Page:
Software tutorial/Linear models with integer variables

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The only additional step required to include an integer variable is to tell R that the variable a factor or categorical type variable. R will then take care of expanding it into the extra columns required to fit the linear model.

The rest of the tools for linear models are then used as normal, e.g. confint(model), predict(model, ...) and so on.

Let's start by creating a factor variable ourself. Create a vector of "Pass" and "Fail" entries and convert it to a factor variable:

pass.fail <- c("Pass", "Fail", "Fail", "Fail", "Fail", "Pass", "Pass")

# What type of variable is this currently (i.e. what type of class of variable)?
class(pass.fail)
# [1] "character"    <--- so just of a bunch of character strings

# Force it to be a factor type variable
pass.fail <- as.factor(pass.fail)
pass.fail
# [1] Pass Fail Fail Fail Fail Pass Pass
# Levels: Fail Pass

class(pass.fail)
# [1] "factor"

Another example of creating a factor variable:

operator.id <- c(10, 12, 11, 10, 11, 10, 12, 11, 10)
op.names <- factor(operator.id,
                   levels=c("10", "11", "12"),
                   labels=c("Pat", "Sarah", "Stef"))
# [1] Pat   Stef  Sarah Pat   Sarah Pat   Stef  Sarah Pat
# Levels: Pat Sarah Stef
is.factor(op.names)
[1] TRUE

You may not even need to create a factor variable in many cases. When you import a data set R will detect and create factors automatically - usually it gets it right - like the "Yes"/"No" baffles variable:

bio <- read.csv('http://openmv.net/file/bioreactor-yields.csv')
bio

   temperature duration speed baffles   yield
1           82      260  4300      No      51
2           90      260  3700     Yes      30
3           88      260  4200     Yes      40
4           86      260  3300     Yes      28
5           80      260  4300      No      49
6           78      260  4300     Yes      49
7           82      260  3900     Yes      44
8           83      260  4300      No      59
9           64      260  4300      No      60
10          73      260  4400      No      59
11          60      260  4400      No      57
12          60      260  4400      No      62
13         101      260  4400      No      42
14          92      260  4900     Yes      38

is.factor(bio$baffles)
[1] TRUE

Fitting a linear model with this integer variable:

model <- lm(bio$yield ~ bio$temperature + bio$speed + bio$baffles)
coef(model)
#  (Intercept)  temperature        speed   bafflesYes
# 52.483652163 -0.470996834  0.008710973 -9.090699955

So the -9.09 is the model coefficient for when the baffles variable is at the "Yes" level. You can view the underlying \(\mathbf{X}\) matrix for this linear model quite easily:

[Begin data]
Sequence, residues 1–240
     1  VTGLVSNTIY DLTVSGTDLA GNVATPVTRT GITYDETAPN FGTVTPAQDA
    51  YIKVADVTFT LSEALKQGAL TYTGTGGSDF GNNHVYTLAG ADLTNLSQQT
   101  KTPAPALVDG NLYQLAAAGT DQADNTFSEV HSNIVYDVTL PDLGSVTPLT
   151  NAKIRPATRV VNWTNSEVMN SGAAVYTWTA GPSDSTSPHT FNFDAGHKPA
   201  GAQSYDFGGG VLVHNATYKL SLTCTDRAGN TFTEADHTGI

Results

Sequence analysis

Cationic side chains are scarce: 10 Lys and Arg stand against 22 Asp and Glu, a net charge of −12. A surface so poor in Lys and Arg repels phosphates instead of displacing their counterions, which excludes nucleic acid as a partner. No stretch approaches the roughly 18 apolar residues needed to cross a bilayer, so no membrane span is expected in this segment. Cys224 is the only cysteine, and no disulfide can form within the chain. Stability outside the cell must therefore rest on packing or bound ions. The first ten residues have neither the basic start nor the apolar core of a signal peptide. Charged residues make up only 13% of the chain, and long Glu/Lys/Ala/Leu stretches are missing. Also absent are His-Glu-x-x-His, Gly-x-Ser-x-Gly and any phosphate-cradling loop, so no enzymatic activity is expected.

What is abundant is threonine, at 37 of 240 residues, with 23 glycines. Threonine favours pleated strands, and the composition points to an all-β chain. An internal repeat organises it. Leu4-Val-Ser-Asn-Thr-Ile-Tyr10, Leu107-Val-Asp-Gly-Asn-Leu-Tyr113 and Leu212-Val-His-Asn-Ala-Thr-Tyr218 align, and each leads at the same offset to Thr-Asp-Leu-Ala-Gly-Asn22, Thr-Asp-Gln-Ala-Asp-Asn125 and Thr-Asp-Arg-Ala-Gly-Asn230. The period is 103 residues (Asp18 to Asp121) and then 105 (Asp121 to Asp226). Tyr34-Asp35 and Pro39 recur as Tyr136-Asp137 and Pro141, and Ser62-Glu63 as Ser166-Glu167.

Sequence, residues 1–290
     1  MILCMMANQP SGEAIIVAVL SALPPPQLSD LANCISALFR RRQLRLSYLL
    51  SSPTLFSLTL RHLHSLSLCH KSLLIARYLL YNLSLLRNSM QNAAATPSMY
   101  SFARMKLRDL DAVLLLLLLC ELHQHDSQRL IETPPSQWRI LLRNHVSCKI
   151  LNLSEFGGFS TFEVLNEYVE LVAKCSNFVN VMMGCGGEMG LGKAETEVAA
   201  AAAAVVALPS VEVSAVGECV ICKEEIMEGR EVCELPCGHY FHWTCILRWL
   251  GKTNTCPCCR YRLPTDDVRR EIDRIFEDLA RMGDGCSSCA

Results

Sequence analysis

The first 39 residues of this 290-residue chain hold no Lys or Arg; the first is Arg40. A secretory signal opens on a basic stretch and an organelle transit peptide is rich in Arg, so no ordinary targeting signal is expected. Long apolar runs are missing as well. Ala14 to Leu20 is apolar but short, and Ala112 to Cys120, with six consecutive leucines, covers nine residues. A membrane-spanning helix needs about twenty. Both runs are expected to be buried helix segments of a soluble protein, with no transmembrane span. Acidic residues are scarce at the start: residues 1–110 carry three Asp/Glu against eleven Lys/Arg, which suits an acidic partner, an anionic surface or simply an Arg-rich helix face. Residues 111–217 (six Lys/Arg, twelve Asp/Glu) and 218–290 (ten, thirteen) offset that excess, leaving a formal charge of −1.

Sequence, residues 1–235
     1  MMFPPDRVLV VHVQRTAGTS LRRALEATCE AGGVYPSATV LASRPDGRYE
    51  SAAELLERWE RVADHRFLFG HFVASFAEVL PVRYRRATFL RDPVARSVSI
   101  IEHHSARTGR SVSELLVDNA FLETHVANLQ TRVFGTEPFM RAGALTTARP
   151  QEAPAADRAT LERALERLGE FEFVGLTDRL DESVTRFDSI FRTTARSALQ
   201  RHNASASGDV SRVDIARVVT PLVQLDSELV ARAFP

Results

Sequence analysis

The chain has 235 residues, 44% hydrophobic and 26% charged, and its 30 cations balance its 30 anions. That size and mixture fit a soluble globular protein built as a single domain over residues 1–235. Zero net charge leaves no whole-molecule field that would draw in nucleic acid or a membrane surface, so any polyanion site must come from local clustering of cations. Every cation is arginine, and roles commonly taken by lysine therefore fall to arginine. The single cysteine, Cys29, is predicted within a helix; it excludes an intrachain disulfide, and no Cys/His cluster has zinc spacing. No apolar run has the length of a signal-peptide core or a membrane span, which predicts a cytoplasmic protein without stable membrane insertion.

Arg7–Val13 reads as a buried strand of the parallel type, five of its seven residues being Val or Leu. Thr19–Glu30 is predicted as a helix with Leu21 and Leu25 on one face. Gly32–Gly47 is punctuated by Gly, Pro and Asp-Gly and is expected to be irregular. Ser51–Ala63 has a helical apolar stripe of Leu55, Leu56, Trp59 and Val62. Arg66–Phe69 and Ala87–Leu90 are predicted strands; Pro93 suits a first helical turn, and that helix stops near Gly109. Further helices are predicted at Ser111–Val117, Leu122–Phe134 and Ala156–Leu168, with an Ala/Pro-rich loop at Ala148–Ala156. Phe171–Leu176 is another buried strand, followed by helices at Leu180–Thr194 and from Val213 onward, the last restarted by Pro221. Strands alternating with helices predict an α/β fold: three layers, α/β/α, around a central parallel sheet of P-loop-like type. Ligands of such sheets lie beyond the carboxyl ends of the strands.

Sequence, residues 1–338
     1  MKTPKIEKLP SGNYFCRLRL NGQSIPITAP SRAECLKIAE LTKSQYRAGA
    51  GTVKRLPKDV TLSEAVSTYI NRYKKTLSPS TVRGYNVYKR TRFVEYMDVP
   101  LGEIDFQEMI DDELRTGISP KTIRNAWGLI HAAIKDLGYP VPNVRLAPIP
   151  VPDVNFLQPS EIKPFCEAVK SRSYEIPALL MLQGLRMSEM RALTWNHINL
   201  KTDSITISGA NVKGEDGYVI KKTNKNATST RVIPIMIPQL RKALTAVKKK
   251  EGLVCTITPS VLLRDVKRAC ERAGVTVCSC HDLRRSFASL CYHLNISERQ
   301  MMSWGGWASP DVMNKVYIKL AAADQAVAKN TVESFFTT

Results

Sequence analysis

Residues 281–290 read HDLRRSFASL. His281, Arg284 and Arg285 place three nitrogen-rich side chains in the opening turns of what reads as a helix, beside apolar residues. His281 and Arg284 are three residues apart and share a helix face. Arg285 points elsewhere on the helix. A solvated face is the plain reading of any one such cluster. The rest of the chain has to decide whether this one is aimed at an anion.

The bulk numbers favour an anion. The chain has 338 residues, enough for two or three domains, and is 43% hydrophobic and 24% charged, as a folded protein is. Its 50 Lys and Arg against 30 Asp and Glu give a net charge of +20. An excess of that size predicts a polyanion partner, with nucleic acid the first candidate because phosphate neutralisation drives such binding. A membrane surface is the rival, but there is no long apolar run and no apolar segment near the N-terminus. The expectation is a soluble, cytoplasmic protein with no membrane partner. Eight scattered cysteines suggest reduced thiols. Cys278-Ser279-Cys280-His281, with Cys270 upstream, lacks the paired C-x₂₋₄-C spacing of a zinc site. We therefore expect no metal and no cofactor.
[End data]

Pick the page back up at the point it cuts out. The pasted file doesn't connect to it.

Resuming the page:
model.matrix(model)

   (Intercept) temperature speed bafflesYes
1            1          82  4300          0
2            1          90  3700          1
3            1          88  4200          1
4            1          86  3300          1
5            1          80  4300          0
6            1          78  4300          1
7            1          82  3900          1
8            1          83  4300          0
9            1          64  4300          0
10           1          73  4400          0
11           1          60  4400          0
12           1          60  4400          0
13           1         101  4400          0
14           1          92  4900          1
attr(,"assign")
[1] 0 1 2 3
attr(,"contrasts")
attr(,"contrasts")$baffles
[1] "contr.treatment"

These would be the column in the \(\mathbf{X}\) matrix, confirming that the coefficient for baffles is the effect of going from No to Yes.

We point this out, because R will by default create the factors in alphabetical order (0 = "No", "1"="Yes"). But in other cases this default leads to the opposite of what you might want, for example 0="Accept", 1="Reject". You can always reorder an existing factor:

result <- c("Accept", "Accept", "Reject", "Accept", "Accept", "Reject")
result <- factor(result, levels=c("Reject", "Accept"))  # switch the default order around
result
[1] Accept Accept Reject Accept Accept Reject
Levels: Reject Accept

Predictions when integer variables are in the model

As before, we use the predict() function, once we have a data frame containing the new data. Create two observations where the only difference is the baffle indicator:

x.new = data.frame(temperature=82, speed=4200, baffles=c("Yes", "No"))
x.new
#   temperature speed baffles
# 1          82  4200     Yes
# 2          82  4200      No
y.new = predict(model, newdata=x.new, interval="p")
y.new
      fit      lwr      upr
1 41.3573 30.03813 52.67647
2 50.4480 39.23712 61.65888

The above output shows the effect of a baffle, together with the prediction intervals. Does this output match the interpretation of the model coefficient for the baffle variable?